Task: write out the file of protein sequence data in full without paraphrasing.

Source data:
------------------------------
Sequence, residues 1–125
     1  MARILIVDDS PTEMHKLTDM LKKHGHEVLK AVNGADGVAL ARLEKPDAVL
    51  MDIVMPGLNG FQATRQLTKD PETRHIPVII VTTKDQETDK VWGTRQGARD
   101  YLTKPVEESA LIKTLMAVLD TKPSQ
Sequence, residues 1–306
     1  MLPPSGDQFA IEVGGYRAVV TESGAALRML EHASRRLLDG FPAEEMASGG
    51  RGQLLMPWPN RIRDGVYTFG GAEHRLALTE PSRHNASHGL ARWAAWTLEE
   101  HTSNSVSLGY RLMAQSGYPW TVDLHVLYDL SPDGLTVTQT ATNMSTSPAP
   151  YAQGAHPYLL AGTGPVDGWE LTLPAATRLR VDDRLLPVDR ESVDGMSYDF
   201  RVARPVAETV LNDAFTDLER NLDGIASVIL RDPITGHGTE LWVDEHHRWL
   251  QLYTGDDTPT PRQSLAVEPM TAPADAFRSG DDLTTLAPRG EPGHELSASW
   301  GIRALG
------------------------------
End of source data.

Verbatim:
Sequence, residues 1–125
     1  MARILIVDDS PTEMHKLTDM LKKHGHEVLK AVNGADGVAL ARLEKPDAVL
    51  MDIVMPGLNG FQATRQLTKD PETRHIPVII VTTKDQETDK VWGTRQGARD
   101  YLTKPVEESA LIKTLMAVLD TKPSQ
Sequence, residues 1–306
     1  MLPPSGDQFA IEVGGYRAVV TESGAALRML EHASRRLLDG FPAEEMASGG
    51  RGQLLMPWPN RIRDGVYTFG GAEHRLALTE PSRHNASHGL ARWAAWTLEE
   101  HTSNSVSLGY RLMAQSGYPW TVDLHVLYDL SPDGLTVTQT ATNMSTSPAP
   151  YAQGAHPYLL AGTGPVDGWE LTLPAATRLR VDDRLLPVDR ESVDGMSYDF
   201  RVARPVAETV LNDAFTDLER NLDGIASVIL RDPITGHGTE LWVDEHHRWL
   251  QLYTGDDTPT PRQSLAVEPM TAPADAFRSG DDLTTLAPRG EPGHELSASW
   301  GIRALG